Double-wattled/Southern Cassowary Casuarius casuarius

Double-wattled Casowary
Double-wattled Casowary
Southern Casowary
The Double-wattled or Southern Cassowary is the world's second heaviest, third tallest and second most dangerous bird. It is native to North-eastern Australia and southern New Guinea.
Double-wattled Casowary
Double-wattled Casowary
Double-wattled Casowary
The bizarre and colourful bird is heavier (at some 80kg) than the taller Emu but not as tall/heavy as the Ostrich. The larger females can be 2 metres high. Normally shy and retiring, the vegetarian birds can and will easily kill a large mammal, including humans, if they feel their territory is breached. They can kill with one kick of their heavy feet with an inner toe (of 3) that can slash like a knife.
Double-wattled Casowary
Double-wattled Casowary
Double-wattled Casowary
The strange horn growth like a helmet is said to protect their heads when foraging in their dense forest habitat. Fruit-eating birds, they disperse some 70 species of seed in the forest. Cassowaries, like Ostriches, Emus and Rheas, are "ratites" - flightless birds. Like other ratites, the father incubates the eggs and raises the young alone.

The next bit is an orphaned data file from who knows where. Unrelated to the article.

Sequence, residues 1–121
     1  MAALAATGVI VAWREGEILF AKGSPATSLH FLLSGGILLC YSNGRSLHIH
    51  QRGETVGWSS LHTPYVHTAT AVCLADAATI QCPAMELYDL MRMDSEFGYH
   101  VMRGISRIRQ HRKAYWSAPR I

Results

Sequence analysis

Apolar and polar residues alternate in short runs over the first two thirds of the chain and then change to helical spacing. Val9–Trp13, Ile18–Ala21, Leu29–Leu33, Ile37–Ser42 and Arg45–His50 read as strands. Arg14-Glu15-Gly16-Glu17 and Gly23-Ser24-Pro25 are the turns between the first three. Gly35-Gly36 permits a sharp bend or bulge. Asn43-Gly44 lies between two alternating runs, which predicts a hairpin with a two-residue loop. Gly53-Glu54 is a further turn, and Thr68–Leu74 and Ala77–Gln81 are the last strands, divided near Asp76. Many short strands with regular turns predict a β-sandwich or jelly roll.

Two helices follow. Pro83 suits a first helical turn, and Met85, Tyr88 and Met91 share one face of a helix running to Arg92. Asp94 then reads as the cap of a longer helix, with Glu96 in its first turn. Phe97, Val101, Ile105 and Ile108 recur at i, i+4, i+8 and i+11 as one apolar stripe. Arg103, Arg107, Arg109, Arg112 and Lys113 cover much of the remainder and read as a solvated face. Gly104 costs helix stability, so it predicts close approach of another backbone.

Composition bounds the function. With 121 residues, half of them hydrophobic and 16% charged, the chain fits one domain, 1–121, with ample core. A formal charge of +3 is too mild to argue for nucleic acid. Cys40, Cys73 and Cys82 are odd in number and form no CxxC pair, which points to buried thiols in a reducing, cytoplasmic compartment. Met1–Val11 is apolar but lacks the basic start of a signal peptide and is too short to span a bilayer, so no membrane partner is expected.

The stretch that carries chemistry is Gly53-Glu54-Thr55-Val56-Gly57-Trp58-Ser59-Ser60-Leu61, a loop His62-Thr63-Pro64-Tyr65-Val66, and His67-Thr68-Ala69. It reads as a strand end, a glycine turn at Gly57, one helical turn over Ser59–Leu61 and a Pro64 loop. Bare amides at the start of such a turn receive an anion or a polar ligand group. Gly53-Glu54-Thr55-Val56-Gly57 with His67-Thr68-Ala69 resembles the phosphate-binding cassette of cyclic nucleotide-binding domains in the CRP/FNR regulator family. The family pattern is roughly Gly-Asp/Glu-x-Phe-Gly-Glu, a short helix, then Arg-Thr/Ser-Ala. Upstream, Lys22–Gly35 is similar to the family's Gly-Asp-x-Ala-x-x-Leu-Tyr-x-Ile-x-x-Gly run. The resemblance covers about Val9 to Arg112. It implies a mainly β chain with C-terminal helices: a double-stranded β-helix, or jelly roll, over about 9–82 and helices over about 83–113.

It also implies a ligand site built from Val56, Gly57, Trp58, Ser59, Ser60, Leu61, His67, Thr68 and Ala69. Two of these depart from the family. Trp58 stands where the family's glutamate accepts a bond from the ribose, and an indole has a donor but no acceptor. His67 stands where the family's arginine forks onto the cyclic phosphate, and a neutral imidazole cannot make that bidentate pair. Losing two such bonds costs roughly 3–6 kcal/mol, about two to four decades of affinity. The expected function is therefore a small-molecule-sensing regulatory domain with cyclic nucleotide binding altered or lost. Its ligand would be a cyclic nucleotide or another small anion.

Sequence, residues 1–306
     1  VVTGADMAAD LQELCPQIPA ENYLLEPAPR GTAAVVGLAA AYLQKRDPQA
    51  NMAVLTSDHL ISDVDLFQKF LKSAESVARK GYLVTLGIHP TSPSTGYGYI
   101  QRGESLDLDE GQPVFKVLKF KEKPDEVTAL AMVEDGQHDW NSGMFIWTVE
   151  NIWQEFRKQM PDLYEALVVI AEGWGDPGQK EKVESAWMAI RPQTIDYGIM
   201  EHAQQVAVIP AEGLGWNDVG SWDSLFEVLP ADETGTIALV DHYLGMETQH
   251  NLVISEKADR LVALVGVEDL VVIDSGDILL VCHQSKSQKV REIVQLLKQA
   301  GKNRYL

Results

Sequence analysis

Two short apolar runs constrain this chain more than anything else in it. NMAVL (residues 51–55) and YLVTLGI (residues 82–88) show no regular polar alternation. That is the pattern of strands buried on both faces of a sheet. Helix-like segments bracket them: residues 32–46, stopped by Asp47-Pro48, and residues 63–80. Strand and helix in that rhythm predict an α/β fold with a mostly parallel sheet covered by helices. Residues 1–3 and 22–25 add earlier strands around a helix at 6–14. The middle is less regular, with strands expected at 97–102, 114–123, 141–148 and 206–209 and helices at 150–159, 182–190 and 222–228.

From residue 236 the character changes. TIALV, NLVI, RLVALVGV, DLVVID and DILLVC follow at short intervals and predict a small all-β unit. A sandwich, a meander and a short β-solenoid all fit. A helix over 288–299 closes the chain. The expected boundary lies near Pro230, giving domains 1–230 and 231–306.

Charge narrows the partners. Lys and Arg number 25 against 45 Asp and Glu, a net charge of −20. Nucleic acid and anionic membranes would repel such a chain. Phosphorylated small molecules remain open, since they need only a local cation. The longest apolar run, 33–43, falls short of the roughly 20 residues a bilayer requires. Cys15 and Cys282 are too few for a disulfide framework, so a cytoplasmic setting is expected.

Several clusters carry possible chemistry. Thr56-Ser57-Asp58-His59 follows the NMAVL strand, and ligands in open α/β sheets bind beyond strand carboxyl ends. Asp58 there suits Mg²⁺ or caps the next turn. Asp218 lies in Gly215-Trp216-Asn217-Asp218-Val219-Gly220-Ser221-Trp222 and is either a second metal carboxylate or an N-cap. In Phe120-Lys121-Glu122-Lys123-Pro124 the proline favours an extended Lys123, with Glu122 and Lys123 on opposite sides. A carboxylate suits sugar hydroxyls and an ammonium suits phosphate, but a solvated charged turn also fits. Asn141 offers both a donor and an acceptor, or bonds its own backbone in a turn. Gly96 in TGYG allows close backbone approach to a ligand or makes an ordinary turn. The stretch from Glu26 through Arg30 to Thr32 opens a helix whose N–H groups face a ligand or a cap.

Double-wattled Casowary
Double-wattled Casowary
Double-wattled Casowary juvenile
Unusually for birds, females are generally more colourful than the males and have larger casques. The eggs are dark green. Juveniles (above, right) are brown and without the head casque and bare, coloured neck. Chicks are striped light and dark brown. Despite their weight, cassowaries can run at some 40mph and jump some 2 metres high.
Some sources class the Australian cassowary shown in most photos on this page as Johnson's Cassowary, a subspecies of the Southern Cassowary, but other authorities deny any valid subspecies.